22. Miyazaki M, Kubo M, Kiyohara Y, et al. Comparison of diagnostic methods for diabetes mellitus based on prevalence of retinopathy in a Japanese population: the Hisayama Study. Diabetologia 2004; 47:1411.
  23. Massin P, Lange C, Tichet J, et al. Hemoglobin A1c and fasting plasma glucose levels as predictors of retinopathy at 10 years: the French DESIR study. Arch Ophthalmol 2011; 129:188.
  24. Cheng YJ, Gregg EW, Geiss LS, et al. Association of A1C and fasting plasma glucose levels with diabetic retinopathy prevalence in the U.S. population: Implications for diabetes diagnostic thresholds. Diabetes Care 2009; 32:2027.
  25. Ashraf H, Boroumand MA, Amirzadegan A, et al. Hemoglobin A1C in non-diabetic patients: an independent predictor of coronary artery disease and its severity. Diabetes Res Clin Pract 2013; 102:225.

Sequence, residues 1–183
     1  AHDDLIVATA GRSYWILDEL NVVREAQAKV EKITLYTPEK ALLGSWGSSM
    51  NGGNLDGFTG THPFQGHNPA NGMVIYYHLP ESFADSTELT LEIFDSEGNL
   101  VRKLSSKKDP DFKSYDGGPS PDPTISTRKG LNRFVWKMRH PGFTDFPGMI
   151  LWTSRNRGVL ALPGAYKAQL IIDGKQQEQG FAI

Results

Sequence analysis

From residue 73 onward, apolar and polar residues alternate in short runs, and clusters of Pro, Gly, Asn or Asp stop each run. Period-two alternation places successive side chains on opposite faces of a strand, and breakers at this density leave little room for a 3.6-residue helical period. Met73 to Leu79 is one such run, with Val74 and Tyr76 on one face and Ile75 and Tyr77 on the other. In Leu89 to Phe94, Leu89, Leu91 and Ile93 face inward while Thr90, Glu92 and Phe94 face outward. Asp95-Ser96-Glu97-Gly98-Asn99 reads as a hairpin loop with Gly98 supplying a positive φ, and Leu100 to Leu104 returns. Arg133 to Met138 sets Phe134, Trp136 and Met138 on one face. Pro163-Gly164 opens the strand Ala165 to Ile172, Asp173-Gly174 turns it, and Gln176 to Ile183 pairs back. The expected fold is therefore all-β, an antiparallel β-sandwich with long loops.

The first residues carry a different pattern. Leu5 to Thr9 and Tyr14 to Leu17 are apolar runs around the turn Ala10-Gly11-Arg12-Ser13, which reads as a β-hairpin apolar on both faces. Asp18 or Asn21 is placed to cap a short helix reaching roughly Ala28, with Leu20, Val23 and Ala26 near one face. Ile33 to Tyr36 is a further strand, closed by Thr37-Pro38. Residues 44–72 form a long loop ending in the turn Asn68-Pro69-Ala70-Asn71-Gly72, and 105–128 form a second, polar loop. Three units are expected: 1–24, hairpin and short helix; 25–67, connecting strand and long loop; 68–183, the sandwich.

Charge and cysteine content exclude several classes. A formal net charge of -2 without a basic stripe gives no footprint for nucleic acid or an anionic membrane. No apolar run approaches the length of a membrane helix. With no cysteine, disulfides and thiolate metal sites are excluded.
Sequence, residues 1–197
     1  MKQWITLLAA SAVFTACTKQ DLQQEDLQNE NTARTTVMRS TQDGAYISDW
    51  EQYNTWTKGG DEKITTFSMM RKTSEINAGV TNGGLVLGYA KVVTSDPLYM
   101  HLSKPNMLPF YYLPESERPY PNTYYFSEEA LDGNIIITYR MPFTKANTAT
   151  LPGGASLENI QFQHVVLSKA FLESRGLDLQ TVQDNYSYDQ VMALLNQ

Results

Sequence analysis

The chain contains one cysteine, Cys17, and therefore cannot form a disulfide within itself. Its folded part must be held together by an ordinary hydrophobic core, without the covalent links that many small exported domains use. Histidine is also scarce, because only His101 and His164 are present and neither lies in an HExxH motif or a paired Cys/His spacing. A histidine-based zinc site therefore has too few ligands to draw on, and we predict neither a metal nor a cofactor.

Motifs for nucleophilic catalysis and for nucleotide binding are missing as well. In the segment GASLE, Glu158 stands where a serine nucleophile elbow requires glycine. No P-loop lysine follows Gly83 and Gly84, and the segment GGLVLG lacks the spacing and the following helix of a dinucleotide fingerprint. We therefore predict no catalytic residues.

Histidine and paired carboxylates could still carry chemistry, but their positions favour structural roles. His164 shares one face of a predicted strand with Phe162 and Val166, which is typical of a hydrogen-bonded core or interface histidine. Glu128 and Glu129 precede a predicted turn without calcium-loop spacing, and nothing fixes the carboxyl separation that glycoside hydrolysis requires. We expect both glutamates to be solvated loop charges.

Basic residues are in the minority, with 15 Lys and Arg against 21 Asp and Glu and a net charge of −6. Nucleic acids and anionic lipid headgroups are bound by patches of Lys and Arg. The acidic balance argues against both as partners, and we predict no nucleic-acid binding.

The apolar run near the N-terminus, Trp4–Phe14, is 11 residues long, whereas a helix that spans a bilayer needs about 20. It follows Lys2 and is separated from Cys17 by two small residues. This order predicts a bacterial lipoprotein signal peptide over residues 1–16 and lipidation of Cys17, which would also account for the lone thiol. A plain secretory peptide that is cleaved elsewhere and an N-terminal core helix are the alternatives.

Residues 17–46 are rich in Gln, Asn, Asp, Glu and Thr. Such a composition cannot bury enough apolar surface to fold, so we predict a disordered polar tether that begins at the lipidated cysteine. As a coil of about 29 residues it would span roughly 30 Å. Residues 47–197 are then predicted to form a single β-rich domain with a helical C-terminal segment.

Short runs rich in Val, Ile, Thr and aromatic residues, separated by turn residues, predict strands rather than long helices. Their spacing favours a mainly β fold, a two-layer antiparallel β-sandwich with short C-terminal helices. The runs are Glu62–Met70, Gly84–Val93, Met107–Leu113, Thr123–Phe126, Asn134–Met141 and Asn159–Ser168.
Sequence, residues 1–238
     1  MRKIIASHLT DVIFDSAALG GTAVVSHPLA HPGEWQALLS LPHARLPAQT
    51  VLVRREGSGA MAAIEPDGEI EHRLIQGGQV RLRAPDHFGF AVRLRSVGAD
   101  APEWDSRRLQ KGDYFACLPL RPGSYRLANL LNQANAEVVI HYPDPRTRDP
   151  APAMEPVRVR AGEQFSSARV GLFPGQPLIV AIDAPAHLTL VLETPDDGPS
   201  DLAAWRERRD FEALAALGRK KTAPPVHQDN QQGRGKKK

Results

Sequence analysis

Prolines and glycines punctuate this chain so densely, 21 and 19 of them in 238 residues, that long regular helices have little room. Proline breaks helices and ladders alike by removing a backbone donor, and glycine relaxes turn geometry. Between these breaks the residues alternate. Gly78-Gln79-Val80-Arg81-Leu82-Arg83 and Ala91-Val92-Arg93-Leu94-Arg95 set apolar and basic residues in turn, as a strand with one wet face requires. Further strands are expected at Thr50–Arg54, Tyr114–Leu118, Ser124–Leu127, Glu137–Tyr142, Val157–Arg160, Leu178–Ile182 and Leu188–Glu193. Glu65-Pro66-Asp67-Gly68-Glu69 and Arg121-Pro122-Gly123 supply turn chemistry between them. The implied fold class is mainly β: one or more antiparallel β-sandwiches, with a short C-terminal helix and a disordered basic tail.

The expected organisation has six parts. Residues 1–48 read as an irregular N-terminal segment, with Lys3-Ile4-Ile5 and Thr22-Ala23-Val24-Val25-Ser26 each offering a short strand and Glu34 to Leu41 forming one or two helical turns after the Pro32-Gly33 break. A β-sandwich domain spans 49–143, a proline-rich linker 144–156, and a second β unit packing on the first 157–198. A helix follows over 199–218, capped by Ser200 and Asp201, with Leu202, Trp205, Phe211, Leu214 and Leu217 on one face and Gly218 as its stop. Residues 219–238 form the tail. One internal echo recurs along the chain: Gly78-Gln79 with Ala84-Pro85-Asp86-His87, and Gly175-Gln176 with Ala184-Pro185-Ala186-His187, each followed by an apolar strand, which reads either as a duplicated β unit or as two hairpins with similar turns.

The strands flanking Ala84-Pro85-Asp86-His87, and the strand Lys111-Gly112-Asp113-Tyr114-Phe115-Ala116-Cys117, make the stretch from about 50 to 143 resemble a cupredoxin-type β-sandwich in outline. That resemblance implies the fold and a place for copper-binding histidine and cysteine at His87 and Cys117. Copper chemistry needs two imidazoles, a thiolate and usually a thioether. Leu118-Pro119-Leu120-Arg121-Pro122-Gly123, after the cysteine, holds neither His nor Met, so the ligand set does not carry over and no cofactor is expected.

26. Huang Y, Cai X, Mai W, et al. Association between prediabetes and risk of cardiovascular disease and all cause mortality: systematic review and meta-analysis. BMJ 2016; 355:i5953.
  27. Emerging Risk Factors Collaboration, Di Angelantonio E, Gao P, et al. Glycated hemoglobin measurement and prediction of cardiovascular disease. JAMA 2014; 311:1225.
  28. Ishihara M, Inoue I, Kawagoe T, et al. Is admission hyperglycaemia in non-diabetic patients with acute myocardial infarction a surrogate for previously undiagnosed abnormal glucose tolerance? Eur Heart J 2006; 27:2413.
  29. McAllister DA, Hughes KA, Lone N, et al. Stress hyperglycaemia in hospitalised patients and their 3-year risk of diabetes: a Scottish retrospective cohort study. PLoS Med 2014; 11:e1001708.
  30. MacIntyre EJ, Majumdar SR, Gamble JM, et al. Stress hyperglycemia and newly diagnosed diabetes in 2124 patients hospitalized with pneumonia. Am J Med 2012; 125:1036.e17.